Specialized Services > Dental X-ray

Dental X-ray

Dental x-ray is an essential tool in the diagnosis and treatment planning of oral conditions in your pet as 60% of the tooth lies under the gums.

  • 60% of the tooth lies under the gums and must be evaluated with dental x-rays
  • x-rays allow assessment of the tooth, root, bone as well as adjacent structures (teeth, nasal cavity, sinus, blood vessels/nerves)
  • Digital dental x-ray system is used for superior image quality and it reduces radiation exposure to the patient.

The canine tooth below illustrates how much more detail can be obtained with a dental x-ray vs. standard x-ray system.

Canine tooth
Canine Tooth

Dental x-ray compared to standard x-ray
LEFT: Dental x-Ray      RIGHT: Standard x-Ray

dental x-ray fracture root infection
Dental x-ray reveals a tooth root infection caused by a crown fracture

dental x-ray impacted molar
Dental x-ray reveals impacted molar under the gum tissue

dental x-ray roots lesion
Dental x-ray reveals that roots are still present under the gum tissue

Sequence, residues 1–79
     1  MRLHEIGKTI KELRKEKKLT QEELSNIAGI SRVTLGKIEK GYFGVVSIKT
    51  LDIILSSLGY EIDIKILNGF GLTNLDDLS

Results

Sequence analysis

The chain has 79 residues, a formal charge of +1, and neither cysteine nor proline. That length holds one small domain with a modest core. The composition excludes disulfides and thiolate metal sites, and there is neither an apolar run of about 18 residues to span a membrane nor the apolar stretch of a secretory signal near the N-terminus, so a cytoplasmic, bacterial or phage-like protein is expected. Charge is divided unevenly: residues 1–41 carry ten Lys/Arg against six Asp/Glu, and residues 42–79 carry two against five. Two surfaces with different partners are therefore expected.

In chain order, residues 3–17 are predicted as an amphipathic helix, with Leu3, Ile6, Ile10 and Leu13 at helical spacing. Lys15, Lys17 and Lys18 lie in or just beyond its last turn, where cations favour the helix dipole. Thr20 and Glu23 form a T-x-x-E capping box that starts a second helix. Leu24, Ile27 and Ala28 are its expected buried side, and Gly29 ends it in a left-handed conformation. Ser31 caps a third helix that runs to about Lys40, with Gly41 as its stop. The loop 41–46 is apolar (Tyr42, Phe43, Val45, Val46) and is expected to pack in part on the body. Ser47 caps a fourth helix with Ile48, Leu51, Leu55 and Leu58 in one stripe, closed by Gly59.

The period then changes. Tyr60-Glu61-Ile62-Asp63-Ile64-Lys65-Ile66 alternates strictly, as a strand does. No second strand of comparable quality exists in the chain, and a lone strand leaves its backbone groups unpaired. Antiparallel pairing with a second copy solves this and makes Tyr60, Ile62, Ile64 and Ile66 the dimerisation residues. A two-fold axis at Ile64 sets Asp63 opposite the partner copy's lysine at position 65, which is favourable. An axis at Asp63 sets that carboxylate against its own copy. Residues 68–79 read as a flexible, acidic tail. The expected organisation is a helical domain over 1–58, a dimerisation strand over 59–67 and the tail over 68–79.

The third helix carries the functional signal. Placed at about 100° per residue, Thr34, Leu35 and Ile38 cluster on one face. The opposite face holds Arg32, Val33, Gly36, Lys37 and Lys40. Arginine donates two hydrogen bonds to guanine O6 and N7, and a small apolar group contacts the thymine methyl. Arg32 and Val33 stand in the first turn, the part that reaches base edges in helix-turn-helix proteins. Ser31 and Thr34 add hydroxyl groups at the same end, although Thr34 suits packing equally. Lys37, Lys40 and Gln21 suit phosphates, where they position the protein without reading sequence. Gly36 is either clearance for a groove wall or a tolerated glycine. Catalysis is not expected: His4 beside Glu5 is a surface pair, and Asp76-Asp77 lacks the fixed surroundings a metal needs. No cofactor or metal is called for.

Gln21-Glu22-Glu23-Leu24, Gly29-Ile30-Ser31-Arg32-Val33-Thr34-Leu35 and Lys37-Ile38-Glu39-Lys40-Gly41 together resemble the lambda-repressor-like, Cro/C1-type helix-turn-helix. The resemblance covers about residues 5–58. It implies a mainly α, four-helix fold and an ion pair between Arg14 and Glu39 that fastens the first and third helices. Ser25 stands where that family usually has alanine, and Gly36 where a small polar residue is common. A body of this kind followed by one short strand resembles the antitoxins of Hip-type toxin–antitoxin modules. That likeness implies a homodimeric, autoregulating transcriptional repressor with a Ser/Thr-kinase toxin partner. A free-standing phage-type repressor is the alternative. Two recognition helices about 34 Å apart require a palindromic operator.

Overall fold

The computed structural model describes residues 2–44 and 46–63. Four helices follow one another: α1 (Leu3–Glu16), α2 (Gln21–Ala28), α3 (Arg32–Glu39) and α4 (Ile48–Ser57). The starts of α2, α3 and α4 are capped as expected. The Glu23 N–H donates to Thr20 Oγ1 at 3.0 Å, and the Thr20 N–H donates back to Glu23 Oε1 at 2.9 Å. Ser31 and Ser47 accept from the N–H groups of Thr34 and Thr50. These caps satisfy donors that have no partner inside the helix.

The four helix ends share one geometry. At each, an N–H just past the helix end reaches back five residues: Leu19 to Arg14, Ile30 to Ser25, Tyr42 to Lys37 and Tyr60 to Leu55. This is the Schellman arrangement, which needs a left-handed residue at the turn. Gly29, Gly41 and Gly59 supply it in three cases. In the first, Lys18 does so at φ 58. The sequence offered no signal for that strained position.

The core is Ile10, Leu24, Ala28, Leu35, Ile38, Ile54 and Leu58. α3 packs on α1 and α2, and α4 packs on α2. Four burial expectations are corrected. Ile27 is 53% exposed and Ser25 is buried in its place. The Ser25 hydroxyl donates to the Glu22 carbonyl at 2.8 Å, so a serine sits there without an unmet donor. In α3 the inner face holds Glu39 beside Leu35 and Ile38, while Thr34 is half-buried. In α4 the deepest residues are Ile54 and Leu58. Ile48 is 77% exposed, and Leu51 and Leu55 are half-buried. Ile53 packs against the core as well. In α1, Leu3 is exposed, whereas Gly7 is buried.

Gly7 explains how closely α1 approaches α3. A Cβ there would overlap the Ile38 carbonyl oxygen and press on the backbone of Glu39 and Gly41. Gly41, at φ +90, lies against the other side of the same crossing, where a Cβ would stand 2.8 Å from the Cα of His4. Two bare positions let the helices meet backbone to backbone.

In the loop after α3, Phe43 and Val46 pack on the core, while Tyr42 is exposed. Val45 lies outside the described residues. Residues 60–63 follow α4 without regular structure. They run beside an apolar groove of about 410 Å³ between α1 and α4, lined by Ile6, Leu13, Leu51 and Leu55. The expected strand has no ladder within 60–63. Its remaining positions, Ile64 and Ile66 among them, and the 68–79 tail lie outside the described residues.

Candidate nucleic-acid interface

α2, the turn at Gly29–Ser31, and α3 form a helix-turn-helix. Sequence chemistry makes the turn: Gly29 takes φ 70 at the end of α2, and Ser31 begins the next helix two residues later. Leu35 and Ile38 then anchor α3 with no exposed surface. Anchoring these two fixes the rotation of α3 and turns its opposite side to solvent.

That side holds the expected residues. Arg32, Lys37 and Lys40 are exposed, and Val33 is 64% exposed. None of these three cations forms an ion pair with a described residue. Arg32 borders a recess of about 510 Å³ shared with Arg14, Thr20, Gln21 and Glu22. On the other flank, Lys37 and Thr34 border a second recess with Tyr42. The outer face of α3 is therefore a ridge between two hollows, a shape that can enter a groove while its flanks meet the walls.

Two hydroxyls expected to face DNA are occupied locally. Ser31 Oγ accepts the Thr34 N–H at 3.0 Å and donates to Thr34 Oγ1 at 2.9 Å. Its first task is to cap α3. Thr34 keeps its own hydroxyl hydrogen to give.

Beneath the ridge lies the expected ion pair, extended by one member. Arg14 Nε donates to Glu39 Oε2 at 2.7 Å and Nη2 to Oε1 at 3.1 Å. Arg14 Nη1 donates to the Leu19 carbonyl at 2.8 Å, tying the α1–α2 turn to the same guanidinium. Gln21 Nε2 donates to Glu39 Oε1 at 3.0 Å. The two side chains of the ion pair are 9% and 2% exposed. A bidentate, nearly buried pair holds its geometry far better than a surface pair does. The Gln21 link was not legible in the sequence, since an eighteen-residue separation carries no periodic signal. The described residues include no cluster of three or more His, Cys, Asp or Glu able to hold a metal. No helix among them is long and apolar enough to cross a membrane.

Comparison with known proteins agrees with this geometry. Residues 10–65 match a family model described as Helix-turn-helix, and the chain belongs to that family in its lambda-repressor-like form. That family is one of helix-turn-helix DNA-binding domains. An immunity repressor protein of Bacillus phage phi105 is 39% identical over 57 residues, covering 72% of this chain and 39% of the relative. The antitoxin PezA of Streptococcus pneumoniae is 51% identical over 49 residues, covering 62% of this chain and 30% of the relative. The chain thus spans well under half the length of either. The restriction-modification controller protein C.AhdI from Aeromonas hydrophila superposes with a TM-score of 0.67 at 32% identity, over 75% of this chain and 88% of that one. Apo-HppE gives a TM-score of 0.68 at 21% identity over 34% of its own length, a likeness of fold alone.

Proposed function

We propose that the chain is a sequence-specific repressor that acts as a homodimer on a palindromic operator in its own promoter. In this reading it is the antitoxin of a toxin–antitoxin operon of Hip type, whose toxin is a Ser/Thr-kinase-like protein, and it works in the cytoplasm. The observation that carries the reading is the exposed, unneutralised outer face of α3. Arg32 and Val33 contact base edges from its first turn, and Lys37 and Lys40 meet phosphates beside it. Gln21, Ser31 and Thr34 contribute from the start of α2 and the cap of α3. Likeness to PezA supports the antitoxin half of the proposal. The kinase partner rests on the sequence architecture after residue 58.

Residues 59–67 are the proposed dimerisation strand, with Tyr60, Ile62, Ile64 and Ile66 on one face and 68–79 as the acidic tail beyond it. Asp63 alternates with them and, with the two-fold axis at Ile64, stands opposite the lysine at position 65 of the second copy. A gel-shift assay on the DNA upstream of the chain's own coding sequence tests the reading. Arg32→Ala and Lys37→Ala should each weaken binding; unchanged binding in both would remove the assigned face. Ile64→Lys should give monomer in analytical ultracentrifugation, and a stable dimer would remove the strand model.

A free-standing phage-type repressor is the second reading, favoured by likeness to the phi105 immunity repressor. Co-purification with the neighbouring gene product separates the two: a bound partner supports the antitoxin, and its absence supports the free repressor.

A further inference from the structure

Dogs have 42 teeth and cats have 30 teeth. Usually, 8 to 15 x-ray images are obtained in order to effectively access oral condition. x-rays will allow us to possibly discover:

  • Extra root or an abscess that has extended to an adjacent/normal looking tooth.
  • Unerupted or impacted teeth, which can lead to a bone cyst.
  • Teeth that must be extracted need to be evaluated for root fractures or root ankylosis (fusion to the bone). Also, post-extraction x-rays are the standard of care in dentistry.
  • Cats are prone to “cavities” or resorptive lesions. Some lesions are located under the gums and are only visible on x-rays. Treatment is based on the evaluation of root structure, where intact roots must be extracted, while resorbing roots can be retained.
  • Oral growths (cyst, infection or tumor) require x-ray assessment for treatment or biopsy.